Hot-desking Isn’t Crash Hot

black and brown chairs and tables

I listened to a wonderful episode of one of my favourite podcasts, Cautionary Tales, this morning. Titled Office Hell: the Demise of the Playful Workspace, it told the story of the highly successful US advertising agency Chiat/Day who in the early 1990s remodelled their office space to do away with offices and cubicles and replace them with stark, “zany” open spaces in the hope that it would lead to an explosion in creativity as employees had more chance meetings with each other.

It was a disaster. You can read about how it affected employees in the 1999 article Lost In Space by Warren Berger.

The research that best explains this outcome was done by Haslam and Knight in 2010. Published in the Journal of Experimental Psychology: Applied, the authors asked participants to perform an hour’s worth of office tasks (for example, checking documents and processing memos) in one of four different kinds of office space.

The experiments showed that while an attractive environment increases worker productivity, even more critical is employee autonomy. Employees are happiest and most productive when they control the look and style of their work areas. Even apparent bonuses such as comfy hang-out rooms and luxurious decor can alienate workers when they are imposed by management without genuine consultation.

It reminded me of my own experience within a large company when we were moved to a new building across the city where, presumably to save money on office space, we were told we were now hot-desking. For those unfamiliar with the term, hot-desking is a workplace practice where employees do not have a fixed desk or workstation, but rather share a workspace with colleagues on a rotating basis.

I’d gone from having my own desk at my previous office to having to work at a new desk every day (and having to clean that desk space every evening for the person who would be using it the next day) and I hated it. Like the employees at Chiat/Day who developed workarounds to their conditions, I soon began arriving at work at 7:30am daily to ensure I got the same desk.

What I was feeling was not uncommon and organisations considering implementing a hot-desking policy should pay heed. Studies have shown that employees who have a fixed workspace feel a greater sense of ownership and control over their environment, which can lead to increased job satisfaction and engagement. In contrast, hotdesking can lead to feelings of insecurity and lack of control over one’s workspace, which can decrease employee engagement and productivity.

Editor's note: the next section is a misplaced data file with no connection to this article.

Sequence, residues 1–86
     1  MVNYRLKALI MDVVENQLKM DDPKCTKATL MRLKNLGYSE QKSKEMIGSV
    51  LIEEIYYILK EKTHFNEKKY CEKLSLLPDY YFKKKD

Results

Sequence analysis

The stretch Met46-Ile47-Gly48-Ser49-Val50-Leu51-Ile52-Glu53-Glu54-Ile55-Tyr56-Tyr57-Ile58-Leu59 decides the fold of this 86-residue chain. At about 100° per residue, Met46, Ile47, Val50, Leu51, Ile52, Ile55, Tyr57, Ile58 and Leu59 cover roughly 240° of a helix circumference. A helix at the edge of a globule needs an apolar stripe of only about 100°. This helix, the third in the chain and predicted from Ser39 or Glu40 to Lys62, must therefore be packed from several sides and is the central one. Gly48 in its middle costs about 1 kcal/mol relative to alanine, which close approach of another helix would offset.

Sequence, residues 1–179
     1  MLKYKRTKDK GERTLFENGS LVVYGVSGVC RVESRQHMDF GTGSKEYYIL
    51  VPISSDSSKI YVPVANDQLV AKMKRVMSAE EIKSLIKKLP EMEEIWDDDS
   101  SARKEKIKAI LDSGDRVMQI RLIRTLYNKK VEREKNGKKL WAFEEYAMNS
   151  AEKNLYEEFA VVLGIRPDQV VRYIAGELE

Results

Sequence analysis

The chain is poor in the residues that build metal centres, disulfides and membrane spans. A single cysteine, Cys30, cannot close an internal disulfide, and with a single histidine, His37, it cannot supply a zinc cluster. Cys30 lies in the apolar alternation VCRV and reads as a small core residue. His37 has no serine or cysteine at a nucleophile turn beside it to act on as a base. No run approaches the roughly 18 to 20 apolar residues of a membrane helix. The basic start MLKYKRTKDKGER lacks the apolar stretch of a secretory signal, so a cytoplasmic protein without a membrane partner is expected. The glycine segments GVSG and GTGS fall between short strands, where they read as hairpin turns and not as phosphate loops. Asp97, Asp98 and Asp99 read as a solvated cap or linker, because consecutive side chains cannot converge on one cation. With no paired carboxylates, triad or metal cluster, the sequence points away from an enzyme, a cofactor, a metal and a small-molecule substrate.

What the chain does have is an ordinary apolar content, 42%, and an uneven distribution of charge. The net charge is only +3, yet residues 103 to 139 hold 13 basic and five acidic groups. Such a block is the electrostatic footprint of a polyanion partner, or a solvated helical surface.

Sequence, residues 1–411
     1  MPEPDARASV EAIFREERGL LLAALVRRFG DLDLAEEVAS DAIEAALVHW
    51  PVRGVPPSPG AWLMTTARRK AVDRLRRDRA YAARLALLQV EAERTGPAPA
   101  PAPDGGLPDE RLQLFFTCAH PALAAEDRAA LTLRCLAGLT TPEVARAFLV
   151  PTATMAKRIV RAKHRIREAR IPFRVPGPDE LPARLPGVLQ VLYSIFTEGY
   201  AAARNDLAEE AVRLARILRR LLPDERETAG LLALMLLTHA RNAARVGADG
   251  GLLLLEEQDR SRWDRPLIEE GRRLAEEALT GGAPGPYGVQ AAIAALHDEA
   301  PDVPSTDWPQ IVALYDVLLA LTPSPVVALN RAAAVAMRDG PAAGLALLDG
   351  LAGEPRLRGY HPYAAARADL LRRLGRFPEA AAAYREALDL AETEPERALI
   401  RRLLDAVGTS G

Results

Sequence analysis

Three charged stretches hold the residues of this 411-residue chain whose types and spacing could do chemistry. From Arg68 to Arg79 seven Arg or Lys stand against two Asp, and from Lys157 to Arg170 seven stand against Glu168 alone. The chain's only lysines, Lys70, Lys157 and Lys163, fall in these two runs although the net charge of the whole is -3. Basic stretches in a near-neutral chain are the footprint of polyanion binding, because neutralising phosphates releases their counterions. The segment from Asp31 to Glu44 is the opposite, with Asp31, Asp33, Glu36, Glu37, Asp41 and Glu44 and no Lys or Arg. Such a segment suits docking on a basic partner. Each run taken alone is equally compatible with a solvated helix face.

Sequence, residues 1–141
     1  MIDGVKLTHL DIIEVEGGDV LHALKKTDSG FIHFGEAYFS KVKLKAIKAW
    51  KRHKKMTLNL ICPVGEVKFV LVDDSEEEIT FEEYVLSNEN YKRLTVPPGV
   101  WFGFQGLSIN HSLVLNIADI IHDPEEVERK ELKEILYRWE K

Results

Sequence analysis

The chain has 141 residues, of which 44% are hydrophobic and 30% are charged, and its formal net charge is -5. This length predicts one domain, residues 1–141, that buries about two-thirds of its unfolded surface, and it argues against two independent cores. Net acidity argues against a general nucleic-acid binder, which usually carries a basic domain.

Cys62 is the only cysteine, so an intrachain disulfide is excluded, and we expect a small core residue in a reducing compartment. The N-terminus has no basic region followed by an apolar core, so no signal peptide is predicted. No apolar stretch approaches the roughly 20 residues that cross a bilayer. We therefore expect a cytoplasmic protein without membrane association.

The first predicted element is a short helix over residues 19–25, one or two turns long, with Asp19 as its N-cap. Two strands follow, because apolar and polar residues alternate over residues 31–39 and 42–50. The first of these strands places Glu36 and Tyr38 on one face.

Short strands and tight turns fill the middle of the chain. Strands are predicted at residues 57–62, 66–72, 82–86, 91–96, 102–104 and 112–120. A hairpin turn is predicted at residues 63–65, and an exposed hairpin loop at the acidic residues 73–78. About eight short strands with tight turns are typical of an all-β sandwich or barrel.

Hot-desking can also make it more difficult for employees to form meaningful relationships with colleagues. When employees are constantly moving around the office, it can be challenging to build strong working relationships and develop a sense of camaraderie. This can lead to a lack of collaboration and teamwork, which can ultimately harm the productivity and effectiveness of the entire organisation.

Furthermore, hot-desking can also have negative impacts on employee wellbeing. When employees do not have a dedicated workspace, they may experience higher levels of stress and anxiety due to the lack of privacy and personal space. This can lead to decreased job satisfaction, higher turnover rates, and increased absenteeism.

So while hot-desking may seem like a cost-effective solution for maximising office space, it can have significant negative impacts on employee engagement, productivity, and wellbeing. Organisations considering a hot-desking policy to improve the bottom line should also consider the potential negative impacts on their employees and how that may negate any savings they make introducing the policy in the first place.

Image courtesy of Unsplash.


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